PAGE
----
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Questions and Answers on UAS Integration Pilot Program

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Q: What’s the purpose of this program?
A: The purpose of the program is to explore ways to safely expand cutting-edge drone operations into the National Airspace by pairing state, local, and tribal governments with unmanned aircraft operators.

Q: How does this initiative differ from existing programs?
A: This program takes collaboration to a new level by enabling local, state, or tribal governments to determine what kind of activities will occur in their jurisdictions during the period of the pilot program and subject to FAA safety oversight. It also gives a wider range of private operators and localities the chance to propose solutions to the most difficult integration challenges.

Q: Who can participate?
A: The Presidential Memorandum envisions that state, local and tribal governments, or combinations thereof, could participate by forming partnerships with other public and private sector partners.  The Department will announce additional details in the coming days.

Q: Can law enforcement agencies participate?
A: Yes, the Presidential Memorandum envisions participation by law enforcement, which are key players in unmanned aircraft security issues.

Q: Can the purpose of a partnership be to impose restrictions on UAS use?
A: The Presidential Memorandum envisions that partnerships could give local officials an opportunity to help to manage local operations subject to FAA safety oversight.  The Department will announce additional details in the coming days. 

Q: Is there a time limit on the program?
A: The program will run for three years.

Q: Does that mean the kind of activities that are expected to be part of the program - operations over people, package delivery, beyond visual line of sight operations - won't be routinely allowed for at least three years?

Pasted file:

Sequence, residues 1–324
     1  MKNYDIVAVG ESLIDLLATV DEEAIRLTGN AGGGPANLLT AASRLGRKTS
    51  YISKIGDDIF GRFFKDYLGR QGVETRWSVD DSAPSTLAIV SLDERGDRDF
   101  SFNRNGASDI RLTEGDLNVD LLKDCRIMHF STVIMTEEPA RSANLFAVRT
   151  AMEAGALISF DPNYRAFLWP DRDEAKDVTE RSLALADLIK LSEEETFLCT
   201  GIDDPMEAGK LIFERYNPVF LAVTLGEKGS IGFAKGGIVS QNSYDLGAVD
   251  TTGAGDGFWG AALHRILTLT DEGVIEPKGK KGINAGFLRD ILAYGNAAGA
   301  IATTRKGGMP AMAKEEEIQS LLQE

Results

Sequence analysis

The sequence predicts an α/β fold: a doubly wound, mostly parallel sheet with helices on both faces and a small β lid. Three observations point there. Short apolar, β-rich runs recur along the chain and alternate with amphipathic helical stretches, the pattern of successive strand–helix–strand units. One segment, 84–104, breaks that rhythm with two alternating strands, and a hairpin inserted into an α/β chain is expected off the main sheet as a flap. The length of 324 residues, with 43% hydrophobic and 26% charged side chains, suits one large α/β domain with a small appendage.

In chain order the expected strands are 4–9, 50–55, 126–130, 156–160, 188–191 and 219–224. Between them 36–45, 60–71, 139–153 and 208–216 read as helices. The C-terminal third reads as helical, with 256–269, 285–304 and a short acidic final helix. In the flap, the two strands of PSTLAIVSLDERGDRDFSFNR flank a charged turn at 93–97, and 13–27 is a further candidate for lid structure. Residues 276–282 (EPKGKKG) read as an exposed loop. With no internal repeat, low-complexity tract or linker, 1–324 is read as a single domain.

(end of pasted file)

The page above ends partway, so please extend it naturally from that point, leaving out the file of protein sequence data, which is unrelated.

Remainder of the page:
A: Absolutely not! The timetable for allowing any kind of operation is not tied to the lifecycle of this pilot program. The FAA allows new types of operations when it determines they can be conducted safely and subject to existing authority provided by Congress. If the FAA determines a type of operation that's being evaluated as part of the pilot program could be conducted safely and routinely, the FAA could authorize that operation before the program ends.

Q: Let's say a partnership is allowed to conduct operations, such as flights over people, which are not currently allowed without a waiver. Will that partnership be able to continue conducting these operations once the program ends if those operations are still not routinely allowed elsewhere?
A: No, not without further coordination with the FAA. This program will explore advanced operations and new models of cooperation with local governments for a period of three years, with the goal of enabling advanced operations on a long term basis through rulemakings. 

Q: How many applications will be accepted?
A: As directed by the Presidential Memorandum, the DOT will select at least five partnerships.

Q: What are the new restrictions under the program and who will decide these parameters?
A: Safety rules will be developed on a case-by-case basis and will depend on the type of planned operation. The FAA will review all proposals to ensure they meet the highest safety standards.

Q: Will private companies, such as Amazon, be free to operate drones over populated or sensitive areas?
A: The Department will address this issue in its guidance to be released in the coming days.

Q: What are low-altitude operations?
A: Low-altitude operations are operations that take place below 200 feet and in certain cases up to 400 feet Above Ground Level (AGL).

Q: What does ‘beyond visual line of sight’ mean?
A: Beyond visual line of sight operations are operations that take place beyond the pilot's line of sight. In other words, the pilot cannot see the aircraft with his or her naked eye.

Q: What if I want to participate but can’t find a partner?
A: The Department will describe the process for forming partnerships in the coming days. 

Q: How much federal money will be spent on the program?
A: The Department will address this question in its guidance, to be released in the coming days. 

Q: What Information must the application include?
A: The Department will address this question in its guidance, to be released in the coming days.

Q: What criteria will be used to evaluate the applications?
A: The Department will address this question in its guidance, to be released in the coming days.

Q. Does the pilot program include security and privacy considerations?
A. Yes, as noted in the Presidential Memorandum, it absolutely will. In implementing the pilot program, DOT will coordinate with the Departments of Defense and Homeland Security and the Attorney General to test counter-UAS capabilities, as well as platform and system-wide cybersecurity, as appropriate and consistent with U.S. law.

Last updated: Tuesday, October 31, 2017